Project Director: Jim LeBrecht and Nicole Newnham

Organization: Center for Independent Documentary
From a 1970s ramshackle summer camp for disabled teenagers to the birth of disability rights activism in Berkeley, Crip Camp traces the emergence of a new and powerful movement towards inclusion. The 90 minute film is told from the point of view of former camper Jim LeBrecht who, with a group of other young people with disabilities, relocated to Berkeley in the 1970s and went on to spark a revolution for the disabled.

Dreams of Dust
Project Director: Sarah Craig

Organization: Sustainable Markets Foundation
This multimedia radio, photography and interactive project documents stories of climate migration due to drought as groundwater levels continue to drop in in many areas of California’s Central Valley. This project will tell the stories of people who are left without water or without work, and explore how water stress begets instability and reflects historical patterns of migration and inequality.

KCET Artbound 
Project Director: Juan Devis
Organization: KCET
Artbound is KCET’s award-winning multi-platform journalism program dedicated to exploring cultural issues reflective of California’s diverse and complex communities. The series brings humanities-based content and analysis to each documentary by exploring the intersections of art, culture, history, society and geography. The documentaries are supported with online content that is varied and topical with a constant stream of videos and supporting articles published on the Artbound website.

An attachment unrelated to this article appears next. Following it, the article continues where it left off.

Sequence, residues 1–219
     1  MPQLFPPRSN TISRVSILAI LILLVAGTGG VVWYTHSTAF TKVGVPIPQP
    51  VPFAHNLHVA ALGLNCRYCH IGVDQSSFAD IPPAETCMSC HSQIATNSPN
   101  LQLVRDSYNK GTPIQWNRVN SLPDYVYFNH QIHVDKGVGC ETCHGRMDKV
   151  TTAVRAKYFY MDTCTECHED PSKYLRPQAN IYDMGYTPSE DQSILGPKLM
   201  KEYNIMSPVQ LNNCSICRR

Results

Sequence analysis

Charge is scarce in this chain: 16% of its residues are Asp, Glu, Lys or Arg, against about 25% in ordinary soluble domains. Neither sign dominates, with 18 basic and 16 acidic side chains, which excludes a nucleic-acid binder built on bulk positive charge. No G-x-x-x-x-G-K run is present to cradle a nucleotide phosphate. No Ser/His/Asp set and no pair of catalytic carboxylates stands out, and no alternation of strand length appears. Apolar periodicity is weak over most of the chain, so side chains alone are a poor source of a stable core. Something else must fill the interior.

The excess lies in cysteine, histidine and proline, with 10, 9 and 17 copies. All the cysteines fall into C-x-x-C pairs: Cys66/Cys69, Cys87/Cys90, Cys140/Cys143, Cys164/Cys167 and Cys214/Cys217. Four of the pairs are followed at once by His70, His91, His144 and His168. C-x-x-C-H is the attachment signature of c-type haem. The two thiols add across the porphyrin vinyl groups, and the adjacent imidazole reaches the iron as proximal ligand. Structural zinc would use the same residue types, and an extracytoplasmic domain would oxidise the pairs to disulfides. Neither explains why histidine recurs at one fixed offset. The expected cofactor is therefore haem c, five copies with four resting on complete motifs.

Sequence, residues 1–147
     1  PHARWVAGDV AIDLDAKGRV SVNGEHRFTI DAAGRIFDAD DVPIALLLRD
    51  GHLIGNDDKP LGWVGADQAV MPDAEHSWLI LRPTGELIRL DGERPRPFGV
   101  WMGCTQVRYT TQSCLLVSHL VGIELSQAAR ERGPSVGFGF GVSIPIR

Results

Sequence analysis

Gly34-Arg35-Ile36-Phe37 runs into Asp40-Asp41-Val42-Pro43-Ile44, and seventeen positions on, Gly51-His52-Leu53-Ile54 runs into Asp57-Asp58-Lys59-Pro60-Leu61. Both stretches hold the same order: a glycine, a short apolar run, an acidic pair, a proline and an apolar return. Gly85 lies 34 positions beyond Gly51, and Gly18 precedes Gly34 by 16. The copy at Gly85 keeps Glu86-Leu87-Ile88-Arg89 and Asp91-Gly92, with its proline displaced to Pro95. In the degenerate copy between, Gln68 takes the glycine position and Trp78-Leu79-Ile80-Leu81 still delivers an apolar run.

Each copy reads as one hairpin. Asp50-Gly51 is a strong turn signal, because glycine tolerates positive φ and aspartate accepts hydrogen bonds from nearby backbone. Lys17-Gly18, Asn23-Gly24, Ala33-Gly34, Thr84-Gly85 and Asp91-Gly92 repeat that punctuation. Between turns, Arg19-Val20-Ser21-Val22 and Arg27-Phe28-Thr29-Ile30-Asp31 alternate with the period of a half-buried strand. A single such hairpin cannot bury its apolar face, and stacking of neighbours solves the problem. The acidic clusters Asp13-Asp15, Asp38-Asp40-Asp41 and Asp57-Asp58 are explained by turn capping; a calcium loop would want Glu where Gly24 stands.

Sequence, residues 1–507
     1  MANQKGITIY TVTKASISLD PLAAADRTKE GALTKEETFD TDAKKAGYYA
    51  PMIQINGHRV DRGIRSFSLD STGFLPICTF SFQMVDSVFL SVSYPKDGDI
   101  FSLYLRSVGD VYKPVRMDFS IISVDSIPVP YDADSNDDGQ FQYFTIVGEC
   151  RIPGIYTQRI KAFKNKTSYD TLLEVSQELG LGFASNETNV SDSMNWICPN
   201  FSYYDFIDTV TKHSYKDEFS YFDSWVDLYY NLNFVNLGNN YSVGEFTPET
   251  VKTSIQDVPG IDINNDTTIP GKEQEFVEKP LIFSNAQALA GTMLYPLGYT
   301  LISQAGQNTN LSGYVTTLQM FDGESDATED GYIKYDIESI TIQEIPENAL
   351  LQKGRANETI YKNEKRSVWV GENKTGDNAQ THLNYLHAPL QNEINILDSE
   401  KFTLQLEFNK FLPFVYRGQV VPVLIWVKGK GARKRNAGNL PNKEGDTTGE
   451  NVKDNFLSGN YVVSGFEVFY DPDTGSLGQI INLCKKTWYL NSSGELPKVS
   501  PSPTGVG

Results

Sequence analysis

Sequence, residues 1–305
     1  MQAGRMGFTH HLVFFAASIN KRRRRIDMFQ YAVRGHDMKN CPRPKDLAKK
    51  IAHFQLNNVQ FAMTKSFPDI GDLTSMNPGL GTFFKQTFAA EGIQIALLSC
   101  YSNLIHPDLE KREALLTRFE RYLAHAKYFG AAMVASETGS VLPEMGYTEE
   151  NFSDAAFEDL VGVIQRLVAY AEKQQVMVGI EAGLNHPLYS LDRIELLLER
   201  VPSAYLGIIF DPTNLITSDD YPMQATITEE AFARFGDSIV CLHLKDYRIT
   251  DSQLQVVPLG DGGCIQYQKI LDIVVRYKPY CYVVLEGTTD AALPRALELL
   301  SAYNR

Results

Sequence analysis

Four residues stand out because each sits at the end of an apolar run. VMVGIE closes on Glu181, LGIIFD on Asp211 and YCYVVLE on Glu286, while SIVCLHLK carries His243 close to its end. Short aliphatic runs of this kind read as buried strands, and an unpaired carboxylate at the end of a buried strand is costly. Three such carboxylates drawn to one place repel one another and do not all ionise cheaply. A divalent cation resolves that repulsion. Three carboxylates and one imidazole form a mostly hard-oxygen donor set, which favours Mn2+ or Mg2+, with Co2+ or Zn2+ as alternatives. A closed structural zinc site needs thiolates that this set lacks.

Sign My Name to Freedom
Project Director: Bryan Gibel

Organization: International Documentary Association
96-year-old Betty Reid Soskin is America’s oldest park ranger, famous for defying old age and tirelessly advocating for civil rights in California. In the 1960s and ‘70s Betty was also a singer/songwriter with a voice like Billie Holiday. Four decades later, this film follows Betty as she teams up with composer Marcus Shelby and a young band to perform new arrangements of her songs, sparking an autobiographical journey through the black experience by three generations of California musicians.

Unladylike: Unsung Californian Women of the Progressive Era
Project Director: Charlotte Mangin
Organization: The Futuro Media Group